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Fresh tension between Moscow and Athens over visas to Russian Orthodox priests

A fresh tension sparked in the relations between Greece and Russia after Russian Orthodox priests claimed that they have been denied visas. Moscow said it was waiting for a clarification on the issue by the Greek side. Athens replied with a sharp statement in which it accused the former ally as “a comrade in arms with Turkey.”

Russia is awaiting the official Greek position on claims that Russian Orthodox priests are denied visas.  Moscow has asked the Greek Embassy to clarify whether the Greek side to refuse issuance of visas to Russian Orthodox Church priests, said the spokeswoman of the Russian Foreign Ministry, Maria Zakharova.

Several priests from the Russian Orthodox Church claimed that they were refused Greek visas and thus without explanation. They believe that this is due to complication of diplomatic relations between Russia and Greece. However, the leadership of the clergy believes that the problem is less on political but rather on ecclesiastical level.

The Russian Orthodox Church and the Patriarchate of Constantinople, believes that the problems with visas for Russian priests are related to the process of granting a tomos on autocephaly to the Ukrainian Orthodox Church.

«We have sent a corresponding note to the Embassy of the Hellenic Republic in Moscow to clarify the situation, confirm or deny or give any explanation on the subject. And we therefore now expect the reaction of the Greek side,» Zakharova said at a briefing in Moscow.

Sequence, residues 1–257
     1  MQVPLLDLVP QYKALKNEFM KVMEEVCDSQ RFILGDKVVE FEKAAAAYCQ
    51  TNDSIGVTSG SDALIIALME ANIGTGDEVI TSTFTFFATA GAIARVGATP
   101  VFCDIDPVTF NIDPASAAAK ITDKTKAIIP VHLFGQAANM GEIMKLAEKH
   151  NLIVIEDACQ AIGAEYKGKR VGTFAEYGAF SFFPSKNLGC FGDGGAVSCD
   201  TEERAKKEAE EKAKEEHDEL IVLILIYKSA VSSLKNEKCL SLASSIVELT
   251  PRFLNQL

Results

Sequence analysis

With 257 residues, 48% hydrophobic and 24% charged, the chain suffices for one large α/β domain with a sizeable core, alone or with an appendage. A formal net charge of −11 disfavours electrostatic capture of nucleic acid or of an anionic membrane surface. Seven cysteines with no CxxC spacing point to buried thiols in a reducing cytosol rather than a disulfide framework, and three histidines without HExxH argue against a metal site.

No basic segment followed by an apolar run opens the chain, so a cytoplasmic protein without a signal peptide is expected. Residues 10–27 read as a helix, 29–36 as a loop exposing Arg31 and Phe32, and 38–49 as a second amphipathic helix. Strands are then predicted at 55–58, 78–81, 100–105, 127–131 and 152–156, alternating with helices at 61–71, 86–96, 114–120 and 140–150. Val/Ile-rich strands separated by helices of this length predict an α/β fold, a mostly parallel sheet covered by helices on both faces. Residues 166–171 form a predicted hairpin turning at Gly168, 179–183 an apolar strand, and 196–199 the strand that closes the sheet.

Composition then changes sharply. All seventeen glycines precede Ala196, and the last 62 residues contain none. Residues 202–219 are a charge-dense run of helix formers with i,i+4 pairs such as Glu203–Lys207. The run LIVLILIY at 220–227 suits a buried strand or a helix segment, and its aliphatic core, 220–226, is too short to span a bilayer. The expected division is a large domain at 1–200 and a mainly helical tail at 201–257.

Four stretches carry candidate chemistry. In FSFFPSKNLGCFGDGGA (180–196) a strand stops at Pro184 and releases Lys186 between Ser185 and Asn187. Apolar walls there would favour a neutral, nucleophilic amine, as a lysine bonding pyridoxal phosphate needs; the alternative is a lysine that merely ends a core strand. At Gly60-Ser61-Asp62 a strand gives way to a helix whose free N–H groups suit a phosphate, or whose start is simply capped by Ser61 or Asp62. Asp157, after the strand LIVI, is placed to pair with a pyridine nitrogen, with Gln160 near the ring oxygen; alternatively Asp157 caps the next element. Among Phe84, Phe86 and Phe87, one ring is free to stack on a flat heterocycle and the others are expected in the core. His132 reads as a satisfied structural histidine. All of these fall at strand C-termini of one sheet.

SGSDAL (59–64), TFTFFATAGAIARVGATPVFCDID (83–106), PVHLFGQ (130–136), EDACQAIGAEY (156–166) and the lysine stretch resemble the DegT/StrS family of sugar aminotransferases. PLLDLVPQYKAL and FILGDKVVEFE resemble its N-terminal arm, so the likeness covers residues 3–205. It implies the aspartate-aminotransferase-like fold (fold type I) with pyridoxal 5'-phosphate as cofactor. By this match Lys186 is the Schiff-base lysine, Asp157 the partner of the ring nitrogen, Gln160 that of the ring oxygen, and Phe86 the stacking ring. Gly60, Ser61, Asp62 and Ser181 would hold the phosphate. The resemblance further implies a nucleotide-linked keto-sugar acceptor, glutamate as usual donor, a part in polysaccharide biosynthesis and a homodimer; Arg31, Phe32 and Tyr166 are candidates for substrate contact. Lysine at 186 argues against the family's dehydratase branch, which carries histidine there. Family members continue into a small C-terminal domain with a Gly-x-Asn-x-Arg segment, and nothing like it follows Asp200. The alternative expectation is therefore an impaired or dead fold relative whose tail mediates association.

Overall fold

«The Ministry of Foreign Affairs is closely monitoring the situation with issuing visas to Russian citizens, and, of course, any form of discrimination in issuance of visas — whether on a national, professional, religious lines – is unacceptable,» she added.

“This is the policy of the Greek government. Now the priests of the ROC are perceived as potential spies and agents of influence,” a source close to Constantinople said, the BBC’s Russian Service reported on
“The Patriarchate of Constantinople is struggling with the Russian Church for influence in the Orthodox world. The Moscow and Constantinople Patriarchates are in tense relations today because of Ukraine,” a source close to the Synod of the Russian Orthodox Church said, Ukrainian news agency unian  wrote on Thursday.
On political level, relations between Athens and Moscow turned tense after Greece expelled two Russian diplomats accusing them of interference in domestic affairs and illegal actions against Greece’s national security.
The Russian diplomats allegedly had funded protests in Northern Greece against the Macedonia Agreement with FYROM.
In retaliation, Russia expelled two Greek diplomats a month later.
In a statement issued on Friday, the Greek Foreign Ministry said among others:

“One ought to read Russia’s decision to expel personnel of the Greek Embassy in Moscow. The decision by the Russian Ministry of Foreign Affairs, unlike the Greek side’s decision which was based on specific evidence of illegal and irregular activities of Russian officials and citizens within Greece, was not based on evidence. On the contrary, the Russian side’s decision is arbitrary, retaliatory and not based on any evidence.

We want to remind our Russian friends that no country in the world would tolerate attempts to a) bribe state officials, b) undermine its foreign policy, and c) interfere in its internal affairs.”

Further, the Greek Foreign Ministry accuses “some Russians – fortunately few – who think they can operate in Greece without respecting laws and regulations, and even make threats.”

It refers to “the effort made to impose the presence of the ‘Imperial Orthodox Palestine Society’ in Greece, an organization created by the Czars’ secret services in the 19th century with a view to de-Hellenize the patriarchates of the Middle East.”

With regards to the arbitrary measures taken by the leadership of the Russian Ministry of Foreign Affairs, Greece will respond with forbearance and sobriety,” the statement concludes.

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